Gucci eyes luxury tableware market with Richard Ginori rescue

MILAN (Reuters) - Italian luxury house Gucci is banking on reviving centuries-old porcelain maker Richard Ginori to play catch-up with rivals in the global luxury houseware market.

Ginori, which went bust in January, will be re-equipped by Gucci which has offered to pay 13 million euros ($17 million) for the company, founded nearly 280 years ago, with the aim of reinvigorating the name and boosting it on overseas markets.

"This is only the beginning of the story. Richard Ginori is the Ferrari of porcelain goods, it is a luxury brand," said Gucci Chief Executive Patrizio di Marco at the presentation of the deal on Tuesday.

"Richard Ginori is like a giant hurt by years of wrong strategies. It needed to be saved."

Gucci, best known for its high luxury clothes and bags, has fallen behind in the upscale tableware sector where Versace and Giorgio Armani diversified decades ago to grab a bigger share of the global luxury goods market.

Global sales of luxury tableware are expected to increase only 2 percent in 2013, the lowest growth among the various luxury goods segments, according to a consensus by Italy's trade association Altagamma.

But di Marco was upbeat.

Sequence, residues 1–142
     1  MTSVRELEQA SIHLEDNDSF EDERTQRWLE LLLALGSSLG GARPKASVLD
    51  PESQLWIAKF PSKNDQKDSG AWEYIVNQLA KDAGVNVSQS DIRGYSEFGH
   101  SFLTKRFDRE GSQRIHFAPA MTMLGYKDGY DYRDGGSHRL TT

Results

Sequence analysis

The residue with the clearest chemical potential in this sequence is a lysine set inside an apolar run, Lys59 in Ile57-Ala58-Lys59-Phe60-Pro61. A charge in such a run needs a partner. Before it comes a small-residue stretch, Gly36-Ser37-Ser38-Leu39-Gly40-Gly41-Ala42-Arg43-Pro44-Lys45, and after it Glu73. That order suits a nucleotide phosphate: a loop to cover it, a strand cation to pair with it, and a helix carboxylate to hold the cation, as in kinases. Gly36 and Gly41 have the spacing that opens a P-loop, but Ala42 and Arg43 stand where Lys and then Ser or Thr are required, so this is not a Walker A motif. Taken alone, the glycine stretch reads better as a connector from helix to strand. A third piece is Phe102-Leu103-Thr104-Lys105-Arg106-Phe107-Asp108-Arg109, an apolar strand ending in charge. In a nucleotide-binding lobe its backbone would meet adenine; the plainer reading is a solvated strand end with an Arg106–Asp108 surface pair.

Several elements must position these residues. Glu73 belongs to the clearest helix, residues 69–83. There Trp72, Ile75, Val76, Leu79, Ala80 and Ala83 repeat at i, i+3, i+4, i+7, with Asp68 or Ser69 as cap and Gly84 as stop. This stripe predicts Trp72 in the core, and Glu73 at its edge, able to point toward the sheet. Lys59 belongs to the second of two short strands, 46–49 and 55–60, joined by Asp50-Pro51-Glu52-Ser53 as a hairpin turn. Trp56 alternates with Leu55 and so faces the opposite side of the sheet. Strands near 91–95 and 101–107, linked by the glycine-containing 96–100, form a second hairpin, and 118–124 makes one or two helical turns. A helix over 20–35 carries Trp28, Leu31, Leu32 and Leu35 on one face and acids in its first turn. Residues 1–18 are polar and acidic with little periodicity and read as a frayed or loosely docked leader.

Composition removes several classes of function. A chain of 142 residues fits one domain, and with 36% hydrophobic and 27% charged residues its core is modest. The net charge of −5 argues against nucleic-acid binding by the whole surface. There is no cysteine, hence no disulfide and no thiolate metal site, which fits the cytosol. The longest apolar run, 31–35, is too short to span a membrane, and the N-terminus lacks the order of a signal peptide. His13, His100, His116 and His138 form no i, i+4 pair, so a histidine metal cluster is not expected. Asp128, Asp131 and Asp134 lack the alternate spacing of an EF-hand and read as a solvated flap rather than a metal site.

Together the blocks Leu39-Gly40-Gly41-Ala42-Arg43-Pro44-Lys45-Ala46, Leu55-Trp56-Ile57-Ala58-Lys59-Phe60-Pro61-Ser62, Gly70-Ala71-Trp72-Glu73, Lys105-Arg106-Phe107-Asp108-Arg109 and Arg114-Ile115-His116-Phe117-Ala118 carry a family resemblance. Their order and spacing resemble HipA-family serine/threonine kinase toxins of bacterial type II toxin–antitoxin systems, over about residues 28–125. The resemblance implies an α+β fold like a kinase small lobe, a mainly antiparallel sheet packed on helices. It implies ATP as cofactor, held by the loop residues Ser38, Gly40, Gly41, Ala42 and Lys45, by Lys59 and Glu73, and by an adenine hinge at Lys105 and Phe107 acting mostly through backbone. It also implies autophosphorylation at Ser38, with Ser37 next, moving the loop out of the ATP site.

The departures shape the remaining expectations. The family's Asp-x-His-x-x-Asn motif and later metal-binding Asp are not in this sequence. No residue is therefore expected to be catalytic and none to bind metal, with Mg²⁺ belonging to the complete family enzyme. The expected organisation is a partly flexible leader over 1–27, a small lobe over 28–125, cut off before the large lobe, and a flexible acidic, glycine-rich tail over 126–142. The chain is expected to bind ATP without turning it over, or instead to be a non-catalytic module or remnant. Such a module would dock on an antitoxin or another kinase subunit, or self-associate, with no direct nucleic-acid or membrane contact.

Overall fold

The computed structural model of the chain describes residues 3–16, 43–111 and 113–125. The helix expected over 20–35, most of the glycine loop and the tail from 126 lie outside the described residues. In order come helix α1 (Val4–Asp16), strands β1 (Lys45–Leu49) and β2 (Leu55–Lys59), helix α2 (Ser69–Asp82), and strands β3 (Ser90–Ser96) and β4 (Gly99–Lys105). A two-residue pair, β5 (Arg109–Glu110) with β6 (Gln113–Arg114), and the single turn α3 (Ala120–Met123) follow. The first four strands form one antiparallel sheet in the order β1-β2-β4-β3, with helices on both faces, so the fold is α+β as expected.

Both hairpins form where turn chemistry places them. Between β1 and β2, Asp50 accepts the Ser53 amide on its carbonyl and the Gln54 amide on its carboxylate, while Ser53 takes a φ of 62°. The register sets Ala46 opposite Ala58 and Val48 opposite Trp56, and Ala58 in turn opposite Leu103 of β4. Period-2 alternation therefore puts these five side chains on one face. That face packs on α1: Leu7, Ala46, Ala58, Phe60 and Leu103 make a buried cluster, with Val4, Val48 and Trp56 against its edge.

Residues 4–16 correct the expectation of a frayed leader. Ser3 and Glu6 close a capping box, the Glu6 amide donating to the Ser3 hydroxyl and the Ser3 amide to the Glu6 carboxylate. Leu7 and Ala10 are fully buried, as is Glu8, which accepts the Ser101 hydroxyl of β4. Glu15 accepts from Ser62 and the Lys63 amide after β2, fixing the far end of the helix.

"The tableware market has changed and there is a lot to innovate," di Marco said.

Gucci, owned by French group PPR <PRTP.PA>, plans to keep 230 out of 308 jobs at Ginori's main plant near Florence.

But di Marco said he did not see producing under licence for other brands as a core activity for the company, which also makes tableware for Missoni.

Di Marco said he expected Gucci and Richard Ginori to work together again after the two brands created chinaware in delicate floral motifs in the early 1980s.

Richard Ginori, which went bankrupt after a previous offer by a consortium led by American tabletop maker Lenox Corp fell through, had net debt of 14.9 million euros at the end of 2011 and booked revenues of 44 million euros that year.

The company, which has worked with designers such as Gio Ponti and Giugiaro, was first rescued in 2007 by Italian investor Roberto Villa, who restructured the company and brought it back to the stock market in 2009.

But the credit squeeze during the financial crisis weighed on its relaunch.

The deal is expected to complete on May 22.

(Reporting by Antonella Ciancio; Editing by David Cowell)